Text Size AAA
 
 
Sep 23, 2011

The Backbone of the Information Economy

 

Consider the following: As recently as the year 2000, 75 percent of all information stored by human societies worldwide was in analog formats such as paper documents, pictures, books, tapes and X-ray films. Just seven years later, 94 percent of all information was stored in digital electronic form.

The importance of electricity in our modern world cannot be overstated. Electricity not only animates the storehouses of human knowledge, it also enables communications and control, and delivers energy precisely to billions of devices that drive our economy—from the stock market to hospitals. It can be produced from almost any primary energy source at almost any distance from its ultimate use, supplying that energy to virtually any product or service. And, its incredible versatility has made it the energy supply source of choice for many of our major infrastructure systems over the over the last century.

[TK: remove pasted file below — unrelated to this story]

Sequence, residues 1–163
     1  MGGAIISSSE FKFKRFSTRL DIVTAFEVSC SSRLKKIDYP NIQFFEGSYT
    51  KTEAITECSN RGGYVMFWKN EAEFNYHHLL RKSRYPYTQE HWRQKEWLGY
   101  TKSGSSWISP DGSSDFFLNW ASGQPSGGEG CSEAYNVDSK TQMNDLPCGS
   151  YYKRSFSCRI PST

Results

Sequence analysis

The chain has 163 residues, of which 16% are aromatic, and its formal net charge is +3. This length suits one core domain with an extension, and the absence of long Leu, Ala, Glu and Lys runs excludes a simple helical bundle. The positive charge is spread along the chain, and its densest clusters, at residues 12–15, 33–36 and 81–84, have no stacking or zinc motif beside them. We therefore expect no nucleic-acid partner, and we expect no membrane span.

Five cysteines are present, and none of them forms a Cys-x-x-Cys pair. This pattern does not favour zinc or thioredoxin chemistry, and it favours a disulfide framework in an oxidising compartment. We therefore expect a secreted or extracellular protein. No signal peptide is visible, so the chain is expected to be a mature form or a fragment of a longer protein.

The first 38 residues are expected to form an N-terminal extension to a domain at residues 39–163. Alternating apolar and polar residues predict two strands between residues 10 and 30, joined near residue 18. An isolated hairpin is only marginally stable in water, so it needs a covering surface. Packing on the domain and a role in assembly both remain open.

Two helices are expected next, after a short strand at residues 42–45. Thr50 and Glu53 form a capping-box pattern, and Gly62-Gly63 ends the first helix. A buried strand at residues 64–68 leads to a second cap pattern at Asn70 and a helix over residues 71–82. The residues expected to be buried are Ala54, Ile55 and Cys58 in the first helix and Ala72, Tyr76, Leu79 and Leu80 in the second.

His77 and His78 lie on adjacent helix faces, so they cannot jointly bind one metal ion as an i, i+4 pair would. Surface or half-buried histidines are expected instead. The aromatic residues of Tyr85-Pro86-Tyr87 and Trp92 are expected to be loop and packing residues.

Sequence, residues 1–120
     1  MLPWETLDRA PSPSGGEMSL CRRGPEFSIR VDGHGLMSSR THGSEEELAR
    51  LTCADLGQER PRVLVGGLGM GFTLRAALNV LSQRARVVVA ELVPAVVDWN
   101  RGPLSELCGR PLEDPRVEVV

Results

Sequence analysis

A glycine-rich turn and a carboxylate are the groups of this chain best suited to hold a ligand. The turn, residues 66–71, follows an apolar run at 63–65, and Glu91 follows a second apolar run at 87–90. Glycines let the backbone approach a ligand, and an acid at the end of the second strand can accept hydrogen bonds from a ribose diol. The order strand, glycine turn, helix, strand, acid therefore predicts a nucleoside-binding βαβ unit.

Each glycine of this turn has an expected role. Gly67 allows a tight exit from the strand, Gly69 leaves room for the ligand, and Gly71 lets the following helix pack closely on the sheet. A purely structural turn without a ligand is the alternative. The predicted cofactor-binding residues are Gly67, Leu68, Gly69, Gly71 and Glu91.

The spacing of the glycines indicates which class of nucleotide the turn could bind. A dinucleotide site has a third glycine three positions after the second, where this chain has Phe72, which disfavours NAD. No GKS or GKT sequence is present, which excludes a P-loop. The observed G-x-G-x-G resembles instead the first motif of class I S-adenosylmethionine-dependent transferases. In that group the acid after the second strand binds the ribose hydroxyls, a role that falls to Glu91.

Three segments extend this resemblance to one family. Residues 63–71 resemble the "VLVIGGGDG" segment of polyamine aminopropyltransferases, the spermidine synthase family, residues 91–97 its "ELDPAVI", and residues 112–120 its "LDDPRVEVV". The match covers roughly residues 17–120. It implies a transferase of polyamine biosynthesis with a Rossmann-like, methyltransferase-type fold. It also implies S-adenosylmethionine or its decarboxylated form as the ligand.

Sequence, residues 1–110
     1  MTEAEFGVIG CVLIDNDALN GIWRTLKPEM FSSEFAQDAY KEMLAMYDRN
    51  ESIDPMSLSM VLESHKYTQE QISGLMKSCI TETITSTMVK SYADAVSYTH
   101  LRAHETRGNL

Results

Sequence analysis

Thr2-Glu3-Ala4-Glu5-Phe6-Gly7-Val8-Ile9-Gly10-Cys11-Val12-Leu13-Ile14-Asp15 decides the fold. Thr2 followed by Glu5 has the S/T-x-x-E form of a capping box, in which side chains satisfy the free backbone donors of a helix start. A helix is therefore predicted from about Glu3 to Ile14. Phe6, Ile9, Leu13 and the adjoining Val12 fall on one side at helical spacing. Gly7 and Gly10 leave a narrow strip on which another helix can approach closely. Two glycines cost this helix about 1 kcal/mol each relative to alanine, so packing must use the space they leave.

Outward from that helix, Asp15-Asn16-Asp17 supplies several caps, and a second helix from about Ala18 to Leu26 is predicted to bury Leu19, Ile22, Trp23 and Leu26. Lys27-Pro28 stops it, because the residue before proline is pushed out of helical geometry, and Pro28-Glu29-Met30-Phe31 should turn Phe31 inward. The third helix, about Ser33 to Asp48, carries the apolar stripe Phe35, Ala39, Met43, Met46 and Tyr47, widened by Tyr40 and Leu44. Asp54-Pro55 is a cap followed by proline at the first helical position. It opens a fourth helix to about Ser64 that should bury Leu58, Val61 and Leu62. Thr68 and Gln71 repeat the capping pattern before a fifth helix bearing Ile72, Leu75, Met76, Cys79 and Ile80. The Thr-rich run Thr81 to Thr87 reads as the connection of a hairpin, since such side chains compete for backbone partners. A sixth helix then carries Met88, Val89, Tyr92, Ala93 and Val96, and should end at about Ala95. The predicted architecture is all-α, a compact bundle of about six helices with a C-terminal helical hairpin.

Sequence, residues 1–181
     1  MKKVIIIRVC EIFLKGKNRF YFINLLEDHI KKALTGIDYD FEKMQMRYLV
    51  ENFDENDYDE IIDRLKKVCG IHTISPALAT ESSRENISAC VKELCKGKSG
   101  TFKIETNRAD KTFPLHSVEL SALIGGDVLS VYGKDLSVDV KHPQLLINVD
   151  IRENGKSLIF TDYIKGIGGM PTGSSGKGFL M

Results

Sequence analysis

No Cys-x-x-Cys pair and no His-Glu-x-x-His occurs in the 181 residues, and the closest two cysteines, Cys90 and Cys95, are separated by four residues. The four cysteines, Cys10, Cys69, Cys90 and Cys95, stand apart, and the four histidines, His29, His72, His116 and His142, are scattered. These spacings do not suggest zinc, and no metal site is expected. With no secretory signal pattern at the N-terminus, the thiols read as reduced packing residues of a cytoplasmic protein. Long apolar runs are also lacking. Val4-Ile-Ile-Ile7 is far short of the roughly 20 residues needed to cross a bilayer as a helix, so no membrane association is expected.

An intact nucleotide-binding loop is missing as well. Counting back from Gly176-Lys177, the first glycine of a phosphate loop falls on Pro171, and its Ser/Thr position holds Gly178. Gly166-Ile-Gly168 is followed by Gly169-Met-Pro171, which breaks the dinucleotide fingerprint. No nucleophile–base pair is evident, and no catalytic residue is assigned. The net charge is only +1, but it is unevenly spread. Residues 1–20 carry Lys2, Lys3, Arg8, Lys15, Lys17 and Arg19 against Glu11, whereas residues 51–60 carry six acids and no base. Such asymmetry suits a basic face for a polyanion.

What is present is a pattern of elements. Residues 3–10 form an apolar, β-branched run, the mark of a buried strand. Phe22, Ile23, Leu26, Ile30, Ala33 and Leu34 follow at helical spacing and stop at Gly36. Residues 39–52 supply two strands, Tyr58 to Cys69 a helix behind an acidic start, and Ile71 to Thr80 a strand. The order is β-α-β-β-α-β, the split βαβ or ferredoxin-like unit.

A Better Paradigm: Efficient, Renewable, Distributed

Yet, as crucial and ubiquitous as it has already become, electricity is poised for a profound leap in importance. This clean, precise, and flexible energy carrier can help us conquer one of the most important challenges of our time: drastically reducing our dependence on fossil fuels. In RMI’s strategic initiative and forthcoming book, Reinventing Fire, we outline the pathways for a renewed U.S. economy powered not by fossil fuels, but largely by new sources of energy, including an efficient, renewable, distributed and customer-centric electricity system.

Let’s start with the problem. Today, we burn fossil fuels to power four-fifths of the US economy. By igniting energy stored millions of years ago, we have literally powered the engines of our prosperity. Yet many of the gravest threats to our continued prosperity are intimately intertwined with fossil fuels—global instability, terrorism, supply interruptions, price volatility, pollution and climate change. It’s time to ignite new sources of fire.